SINGLE Vs MULTIPLE CURRENCY     Transaction Costs – Though the initial cost of introduction of a single currency is very complicated and costly. However. Trade Block – It will strengthen the EU identity which would not have been possible otherwise. but it may have spill-over effects. it helps avoiding transaction costs associated with a multiple currency. 297 . a multiple currency is preferable where the business cycles of member nations are different. Rate Uncertainty – A single currency eliminates the risk of competitive devaluations. Transparency – A single currency is transparent and competitive.

It is short-medium term with comparatively low levels of commitment. – FII (transfer of intangible resources) is fast but may have strong repercussions (i. hot money).FII Vs FDI INVESTMENT  Classical economists believed that foreign investment (in any form) is basically a zero sum game (i.e. It is long term with high levels of commitment. 298 .e. the gain of one country is loss of another). Neo classical economists believe that foreign investment may in fact be a win-win game. – FDI (transfer of tangible resources) is slow but steady for the purpose of economic growth.

lifestyle (petroleum 299 outlets – departmental stores). Distribution – It depends on the market characteristics (fragmented – concentrated). promotion (surrogate advertising). usage (talk time). customer awareness (microwaves). buying patterns (spread). Pricing – It depends on the competitive structure (PLC – Kellogg's).INTERNATION MARKETING    Product – The various attributes of a product may receive different degrees of emphasis depending on differences in . economic (middle class buying power). .culture (food habits). technology (microchip).

equity is cheap in India). .INTERNATION FINANCE     Currency Risk – Many Indian IT companies (Rs) having business in US (Dollar) are asking for quotes in (Euro) or are shifting bases out of US to avoid risk of devaluation of Dollar. Cost Structure – Companies in India need to investment in fixed costs due to poor infra-structure 300 compared to developed markets. Leverage – The leverage may vary across countries depending upon money and capital market conditions (Eg. debt is cheap in US.India) may be different from that another trading country (US – GAAP or IRS). Accounting Norms – The accounting norms of one country (AS .

shortened life cycles). Recruitment – In local recruitment. double taxation. in most cases it is not desirable nor practiced. technology (convergence.INTERNATIONAL HR     An uniform HR policy is idealistic to enable parity in performance appraisal. and cultural barriers (language) vis-à-vis emerging markets. Compensation – Differential pay packages exists because of differences in purchasing power. however. skills are more important that cultural fit and vice-versa. Training – It is a pre-requisite for international business to reduce language. labour laws. 301 . social security.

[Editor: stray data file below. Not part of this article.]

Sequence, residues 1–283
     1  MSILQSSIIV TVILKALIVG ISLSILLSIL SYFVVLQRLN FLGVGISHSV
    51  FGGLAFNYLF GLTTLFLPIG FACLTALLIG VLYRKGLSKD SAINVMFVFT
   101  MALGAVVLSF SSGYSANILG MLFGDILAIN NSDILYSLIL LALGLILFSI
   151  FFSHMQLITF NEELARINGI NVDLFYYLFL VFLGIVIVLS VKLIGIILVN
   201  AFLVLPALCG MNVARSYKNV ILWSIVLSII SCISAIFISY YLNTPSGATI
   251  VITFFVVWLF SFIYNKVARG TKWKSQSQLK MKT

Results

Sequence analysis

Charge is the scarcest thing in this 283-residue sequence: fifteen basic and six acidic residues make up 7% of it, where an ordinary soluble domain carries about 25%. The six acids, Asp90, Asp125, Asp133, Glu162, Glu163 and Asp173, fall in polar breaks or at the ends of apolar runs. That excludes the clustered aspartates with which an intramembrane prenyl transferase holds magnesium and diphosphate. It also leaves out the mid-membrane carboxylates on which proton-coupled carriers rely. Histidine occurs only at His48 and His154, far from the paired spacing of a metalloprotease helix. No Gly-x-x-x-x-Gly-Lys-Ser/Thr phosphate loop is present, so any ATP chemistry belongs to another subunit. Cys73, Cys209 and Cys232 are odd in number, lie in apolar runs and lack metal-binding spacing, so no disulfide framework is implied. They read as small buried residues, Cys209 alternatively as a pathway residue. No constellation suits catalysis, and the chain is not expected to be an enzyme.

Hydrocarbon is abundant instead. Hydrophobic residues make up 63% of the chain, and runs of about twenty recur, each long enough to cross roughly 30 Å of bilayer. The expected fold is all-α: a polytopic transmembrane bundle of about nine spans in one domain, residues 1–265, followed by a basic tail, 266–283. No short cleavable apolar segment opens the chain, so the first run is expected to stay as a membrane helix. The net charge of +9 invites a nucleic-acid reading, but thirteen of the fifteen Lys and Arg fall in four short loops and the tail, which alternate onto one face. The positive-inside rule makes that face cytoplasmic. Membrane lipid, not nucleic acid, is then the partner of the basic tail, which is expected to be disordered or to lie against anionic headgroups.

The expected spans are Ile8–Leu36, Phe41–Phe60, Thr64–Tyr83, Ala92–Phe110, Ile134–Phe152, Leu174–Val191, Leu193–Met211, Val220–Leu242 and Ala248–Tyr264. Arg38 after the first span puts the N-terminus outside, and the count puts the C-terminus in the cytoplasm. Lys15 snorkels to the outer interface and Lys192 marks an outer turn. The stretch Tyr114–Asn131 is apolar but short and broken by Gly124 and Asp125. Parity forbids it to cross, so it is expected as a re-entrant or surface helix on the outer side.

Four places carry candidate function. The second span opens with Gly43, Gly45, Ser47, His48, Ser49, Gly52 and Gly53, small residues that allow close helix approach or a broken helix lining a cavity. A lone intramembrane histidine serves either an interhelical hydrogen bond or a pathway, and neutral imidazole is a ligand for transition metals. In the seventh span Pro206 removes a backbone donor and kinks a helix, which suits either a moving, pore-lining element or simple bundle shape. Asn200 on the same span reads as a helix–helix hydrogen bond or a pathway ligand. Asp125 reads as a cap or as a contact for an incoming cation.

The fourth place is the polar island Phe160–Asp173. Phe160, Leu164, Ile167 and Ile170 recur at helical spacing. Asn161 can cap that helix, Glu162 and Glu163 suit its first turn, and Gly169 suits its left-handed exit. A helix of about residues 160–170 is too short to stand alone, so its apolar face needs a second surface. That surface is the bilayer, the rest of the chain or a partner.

Bosch spark plugs are used by car manufacturers worldwide). Outsourcing – A company having a core competence may be the source of global outsourcing (Eg. SCM – Use of ERP to network the extended enterprise 302 across the globe.INTERNATIONAL OPERATIONS     Location Incentives – FDI in emerging markets should explore options for SEZ’s to explore benefits (tax holidays. Technology – The cost to be evaluated in terms of latest technology (Euro VI) vis-à-vis effective cost of appropriate technology (Euro II). reduce power costs) vis-à-vis infrastructural bottlenecks. .

CONTEMPORARY TOPICS 303 .

INNOVATION      An invention is the first occurrence of an idea for a new product or process. 304 . but has inherent risks involved as well. Innovations typically paves the way for more secured and improved lifestyle for consumers in general. Innovation is all about staying ahead of competition. it has destructive effects as well. While innovation typically adds value for organizations. Innovation is the most preferred strategy today to maintain competitive advantage in the present turbulent business environment. innovation is the first attempt to carry it out in practice.

process innovation is necessary to sustain the competitive advantage of product innovation. process innovations are organizational driven.TYPES OF INNOVATION A key challenge is maintaining a balance between process and product innovations. Process innovation usually follows product innovation. Tangible impact of product innovation on performance is significantly higher than process innovation.      305 . However. Strategic innovation has the potential to change the rules of the game. While product innovations are typically customer driven.